And yet, I can’t deny that we choose to DO things all the time, which certainly does seem like free will. However, as I recalled in my mind that yellow backlit skyline a few days later while writing in my journal, I started to wonder if perhaps many of our current thoughts and ideas are our future projected back upon us in the Now. To understand this, pretend for a minute that in six days you are going to meet a person who will change your life forever. This person is someone who will have such a strong impact on your life moving forward that after the fact you can’t imagine having not met them, a person whom it feels you were destined to meet. Now, if you are truly destined to meet this person, then circumstances are going to have to enable this to happen, the cosmos is going to have to start pulling some strings to bring about this rendezvous. Or maybe the You in the moment of the meeting has to plant some ideas in the past You’s mind in order to get you to DO some things, like go to the place where you will eventually meet. Essentially what I’m saying is that so many things must line up for a destined event to happen, is it really out of the question that the ideas which you have today, which “seem to come out of nowhere,” as all ideas do, are implanted there by either your future self, or the cosmos, or destiny, or whatever you want to call it, in order to make you act the way you need to for things to happen as they should? We humans seem to understand how our past effects our present, but we also take it for granted that we cannot know our future, and that the future most definitely does not effect the present. But are we wrong?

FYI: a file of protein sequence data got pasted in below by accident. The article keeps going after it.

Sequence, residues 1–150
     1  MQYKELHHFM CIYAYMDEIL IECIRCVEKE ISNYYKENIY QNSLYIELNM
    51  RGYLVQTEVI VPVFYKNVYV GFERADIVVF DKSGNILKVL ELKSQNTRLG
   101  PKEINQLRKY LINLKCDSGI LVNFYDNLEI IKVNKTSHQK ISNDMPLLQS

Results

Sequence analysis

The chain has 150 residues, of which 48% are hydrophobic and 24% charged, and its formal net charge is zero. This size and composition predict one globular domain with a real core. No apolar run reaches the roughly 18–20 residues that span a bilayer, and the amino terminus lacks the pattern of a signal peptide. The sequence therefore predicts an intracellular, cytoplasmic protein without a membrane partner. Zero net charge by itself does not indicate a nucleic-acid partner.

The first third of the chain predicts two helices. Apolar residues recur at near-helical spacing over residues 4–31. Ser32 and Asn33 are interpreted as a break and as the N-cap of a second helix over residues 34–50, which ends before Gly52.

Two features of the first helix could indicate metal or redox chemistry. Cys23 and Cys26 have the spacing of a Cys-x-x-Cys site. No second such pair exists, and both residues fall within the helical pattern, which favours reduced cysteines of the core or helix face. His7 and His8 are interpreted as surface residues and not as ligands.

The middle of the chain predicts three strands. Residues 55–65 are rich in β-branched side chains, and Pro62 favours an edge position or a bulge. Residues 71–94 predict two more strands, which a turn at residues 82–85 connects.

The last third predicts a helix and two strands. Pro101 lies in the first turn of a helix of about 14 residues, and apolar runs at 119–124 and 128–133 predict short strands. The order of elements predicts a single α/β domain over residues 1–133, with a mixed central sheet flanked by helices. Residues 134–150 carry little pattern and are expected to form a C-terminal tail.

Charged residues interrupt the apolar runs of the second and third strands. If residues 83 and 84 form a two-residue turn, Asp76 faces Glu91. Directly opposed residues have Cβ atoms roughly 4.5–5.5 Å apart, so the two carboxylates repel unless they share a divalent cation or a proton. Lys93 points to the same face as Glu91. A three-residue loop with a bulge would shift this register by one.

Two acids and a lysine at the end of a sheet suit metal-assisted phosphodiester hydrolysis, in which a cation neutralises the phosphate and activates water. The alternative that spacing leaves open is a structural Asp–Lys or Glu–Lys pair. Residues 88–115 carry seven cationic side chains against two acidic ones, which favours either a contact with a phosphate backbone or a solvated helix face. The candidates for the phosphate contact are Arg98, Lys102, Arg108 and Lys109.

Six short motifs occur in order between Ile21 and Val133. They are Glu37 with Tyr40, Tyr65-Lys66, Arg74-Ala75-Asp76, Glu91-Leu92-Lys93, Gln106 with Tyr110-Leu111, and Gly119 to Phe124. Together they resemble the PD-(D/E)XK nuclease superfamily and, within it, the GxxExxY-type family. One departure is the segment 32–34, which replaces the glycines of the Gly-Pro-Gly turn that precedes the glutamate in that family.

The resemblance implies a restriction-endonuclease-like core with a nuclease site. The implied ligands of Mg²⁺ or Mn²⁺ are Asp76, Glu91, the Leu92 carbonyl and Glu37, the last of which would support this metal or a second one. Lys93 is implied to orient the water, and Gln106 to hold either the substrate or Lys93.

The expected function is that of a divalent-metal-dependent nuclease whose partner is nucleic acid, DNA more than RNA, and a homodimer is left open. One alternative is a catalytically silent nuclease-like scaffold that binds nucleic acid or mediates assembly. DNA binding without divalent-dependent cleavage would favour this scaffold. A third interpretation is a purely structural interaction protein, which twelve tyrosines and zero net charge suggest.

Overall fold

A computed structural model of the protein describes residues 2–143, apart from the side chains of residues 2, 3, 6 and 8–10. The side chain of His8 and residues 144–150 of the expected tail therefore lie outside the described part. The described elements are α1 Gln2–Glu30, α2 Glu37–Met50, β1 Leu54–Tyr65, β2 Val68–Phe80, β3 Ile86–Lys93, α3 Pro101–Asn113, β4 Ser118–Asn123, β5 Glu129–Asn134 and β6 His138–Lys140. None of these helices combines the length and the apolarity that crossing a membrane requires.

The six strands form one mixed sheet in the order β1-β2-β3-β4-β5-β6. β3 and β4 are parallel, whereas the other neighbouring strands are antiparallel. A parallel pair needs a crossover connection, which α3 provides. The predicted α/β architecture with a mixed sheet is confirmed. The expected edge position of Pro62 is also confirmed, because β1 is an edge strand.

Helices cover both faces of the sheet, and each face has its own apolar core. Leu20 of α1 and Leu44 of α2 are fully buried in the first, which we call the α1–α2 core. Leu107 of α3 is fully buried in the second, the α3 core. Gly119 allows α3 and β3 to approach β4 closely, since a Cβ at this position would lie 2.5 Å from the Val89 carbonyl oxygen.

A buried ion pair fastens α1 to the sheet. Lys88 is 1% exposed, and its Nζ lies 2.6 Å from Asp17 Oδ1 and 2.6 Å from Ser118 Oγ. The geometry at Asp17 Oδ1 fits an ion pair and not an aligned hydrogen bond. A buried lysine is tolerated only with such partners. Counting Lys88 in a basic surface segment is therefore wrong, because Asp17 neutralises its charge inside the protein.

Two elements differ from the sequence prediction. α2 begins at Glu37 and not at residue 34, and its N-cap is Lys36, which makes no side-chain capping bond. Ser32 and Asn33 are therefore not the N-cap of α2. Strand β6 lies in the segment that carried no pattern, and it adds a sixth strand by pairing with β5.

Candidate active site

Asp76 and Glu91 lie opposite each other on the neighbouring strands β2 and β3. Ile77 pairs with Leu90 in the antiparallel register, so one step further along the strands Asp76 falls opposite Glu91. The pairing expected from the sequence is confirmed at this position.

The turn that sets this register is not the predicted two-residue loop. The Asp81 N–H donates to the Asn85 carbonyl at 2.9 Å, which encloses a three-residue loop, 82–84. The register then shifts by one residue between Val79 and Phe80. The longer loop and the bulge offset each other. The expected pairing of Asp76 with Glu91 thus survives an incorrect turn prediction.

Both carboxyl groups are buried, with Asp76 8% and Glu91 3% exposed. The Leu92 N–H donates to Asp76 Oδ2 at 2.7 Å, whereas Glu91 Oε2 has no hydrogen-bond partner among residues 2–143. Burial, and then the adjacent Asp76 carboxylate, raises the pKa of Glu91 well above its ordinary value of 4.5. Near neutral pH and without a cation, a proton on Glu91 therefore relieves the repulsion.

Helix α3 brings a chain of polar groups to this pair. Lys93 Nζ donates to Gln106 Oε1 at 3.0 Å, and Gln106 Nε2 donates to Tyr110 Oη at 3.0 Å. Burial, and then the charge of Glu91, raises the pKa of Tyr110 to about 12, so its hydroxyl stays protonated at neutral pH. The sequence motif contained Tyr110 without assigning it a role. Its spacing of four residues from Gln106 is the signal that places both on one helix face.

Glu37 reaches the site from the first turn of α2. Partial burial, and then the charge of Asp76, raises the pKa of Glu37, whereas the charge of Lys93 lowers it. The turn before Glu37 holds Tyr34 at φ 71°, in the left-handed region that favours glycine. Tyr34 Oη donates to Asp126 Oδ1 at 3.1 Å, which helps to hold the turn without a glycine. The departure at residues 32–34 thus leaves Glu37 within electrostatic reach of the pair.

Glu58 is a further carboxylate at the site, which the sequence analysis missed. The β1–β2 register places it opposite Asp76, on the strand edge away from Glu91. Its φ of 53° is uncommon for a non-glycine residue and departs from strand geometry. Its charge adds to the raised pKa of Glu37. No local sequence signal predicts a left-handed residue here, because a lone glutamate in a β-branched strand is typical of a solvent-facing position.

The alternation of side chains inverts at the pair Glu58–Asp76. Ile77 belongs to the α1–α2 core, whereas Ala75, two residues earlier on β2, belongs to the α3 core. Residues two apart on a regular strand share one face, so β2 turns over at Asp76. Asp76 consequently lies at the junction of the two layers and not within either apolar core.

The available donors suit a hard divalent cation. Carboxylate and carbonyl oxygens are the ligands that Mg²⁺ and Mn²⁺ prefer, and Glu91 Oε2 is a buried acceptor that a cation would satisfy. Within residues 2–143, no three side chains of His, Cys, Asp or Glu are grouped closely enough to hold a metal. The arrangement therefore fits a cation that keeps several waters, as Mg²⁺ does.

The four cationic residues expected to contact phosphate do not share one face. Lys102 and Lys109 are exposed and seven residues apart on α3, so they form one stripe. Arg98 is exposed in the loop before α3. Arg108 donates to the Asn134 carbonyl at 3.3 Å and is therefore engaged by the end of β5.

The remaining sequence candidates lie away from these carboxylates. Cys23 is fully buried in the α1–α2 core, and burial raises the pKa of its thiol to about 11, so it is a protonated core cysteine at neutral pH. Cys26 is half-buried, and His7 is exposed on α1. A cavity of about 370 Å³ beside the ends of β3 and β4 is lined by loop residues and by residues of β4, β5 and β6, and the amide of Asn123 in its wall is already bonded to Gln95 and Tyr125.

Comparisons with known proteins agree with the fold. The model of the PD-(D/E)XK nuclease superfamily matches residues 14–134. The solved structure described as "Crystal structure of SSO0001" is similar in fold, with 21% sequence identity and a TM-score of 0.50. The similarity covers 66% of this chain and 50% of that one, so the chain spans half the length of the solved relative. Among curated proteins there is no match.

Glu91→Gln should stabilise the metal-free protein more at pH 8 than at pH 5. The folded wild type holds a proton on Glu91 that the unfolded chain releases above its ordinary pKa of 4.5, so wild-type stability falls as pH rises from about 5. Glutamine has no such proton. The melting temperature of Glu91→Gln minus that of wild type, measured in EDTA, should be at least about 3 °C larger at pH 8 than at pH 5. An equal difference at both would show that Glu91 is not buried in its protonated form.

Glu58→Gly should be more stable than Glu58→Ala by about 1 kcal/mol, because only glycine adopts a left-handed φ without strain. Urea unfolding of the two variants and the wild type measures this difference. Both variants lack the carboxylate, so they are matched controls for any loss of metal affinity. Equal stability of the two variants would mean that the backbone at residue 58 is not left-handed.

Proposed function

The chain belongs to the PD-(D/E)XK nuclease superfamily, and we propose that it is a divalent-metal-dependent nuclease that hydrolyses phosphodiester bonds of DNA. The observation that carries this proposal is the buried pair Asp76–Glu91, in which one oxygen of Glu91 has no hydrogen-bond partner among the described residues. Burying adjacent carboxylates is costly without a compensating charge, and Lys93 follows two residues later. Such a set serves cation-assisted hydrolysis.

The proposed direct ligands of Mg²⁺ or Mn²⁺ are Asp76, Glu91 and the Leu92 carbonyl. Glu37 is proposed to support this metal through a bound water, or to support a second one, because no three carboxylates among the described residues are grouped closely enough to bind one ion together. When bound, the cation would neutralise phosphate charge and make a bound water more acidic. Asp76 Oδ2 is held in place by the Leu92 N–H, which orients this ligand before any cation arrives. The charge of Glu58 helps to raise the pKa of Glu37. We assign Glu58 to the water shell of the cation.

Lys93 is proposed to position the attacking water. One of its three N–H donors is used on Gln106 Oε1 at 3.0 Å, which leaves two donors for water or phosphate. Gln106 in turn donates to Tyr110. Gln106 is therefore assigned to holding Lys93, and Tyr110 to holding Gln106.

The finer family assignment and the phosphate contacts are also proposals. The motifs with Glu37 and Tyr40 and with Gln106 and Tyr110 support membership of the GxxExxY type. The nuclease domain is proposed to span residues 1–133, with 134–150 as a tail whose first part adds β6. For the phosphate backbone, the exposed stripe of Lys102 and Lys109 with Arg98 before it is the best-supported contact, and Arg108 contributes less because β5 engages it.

So these are the thoughts I was puzzling over when the old year ended and 2014 began. Suddenly it seemed to me that I should not be trying to decide what I WANT to happen in the next year. Instead I should be trying to know what WILL happen. If my own future is acting on the present me right now in order to make that future manifest into reality, then in theory I should be able to KNOW what that future entails, right? I look back on 2013 and there were some really crazy and unexpected things which happened, things which at the time seemed to completely blindside me, or were shocking in their serendipity. But with hindsight I would really be lying if I said that there weren’t significant amounts of hints and clues that these things were going to happen. Most of the time I just wasn’t perceptive enough at the time to SEE those futures…